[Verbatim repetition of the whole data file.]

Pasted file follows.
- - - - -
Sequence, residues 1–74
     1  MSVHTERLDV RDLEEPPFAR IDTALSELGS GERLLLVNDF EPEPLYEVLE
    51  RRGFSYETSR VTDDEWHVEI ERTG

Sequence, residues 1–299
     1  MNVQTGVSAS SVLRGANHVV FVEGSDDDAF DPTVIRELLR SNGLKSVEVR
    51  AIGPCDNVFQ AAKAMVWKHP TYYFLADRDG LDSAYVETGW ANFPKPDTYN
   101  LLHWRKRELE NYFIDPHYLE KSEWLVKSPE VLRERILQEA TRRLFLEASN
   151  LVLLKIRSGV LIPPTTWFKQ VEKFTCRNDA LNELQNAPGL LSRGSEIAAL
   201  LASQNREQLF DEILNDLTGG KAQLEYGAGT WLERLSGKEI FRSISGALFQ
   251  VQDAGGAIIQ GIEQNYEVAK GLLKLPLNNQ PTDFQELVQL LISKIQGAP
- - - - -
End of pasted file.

Sequence, residues 1–74
     1  MSVHTERLDV RDLEEPPFAR IDTALSELGS GERLLLVNDF EPEPLYEVLE
    51  RRGFSYETSR VTDDEWHVEI ERTG

Sequence, residues 1–299
     1  MNVQTGVSAS SVLRGANHVV FVEGSDDDAF DPTVIRELLR SNGLKSVEVR
    51  AIGPCDNVFQ AAKAMVWKHP TYYFLADRDG LDSAYVETGW ANFPKPDTYN
   101  LLHWRKRELE NYFIDPHYLE KSEWLVKSPE VLRERILQEA TRRLFLEASN
   151  LVLLKIRSGV LIPPTTWFKQ VEKFTCRNDA LNELQNAPGL LSRGSEIAAL
   201  LASQNREQLF DEILNDLTGG KAQLEYGAGT WLERLSGKEI FRSISGALFQ
   251  VQDAGGAIIQ GIEQNYEVAK GLLKLPLNNQ PTDFQELVQL LISKIQGAP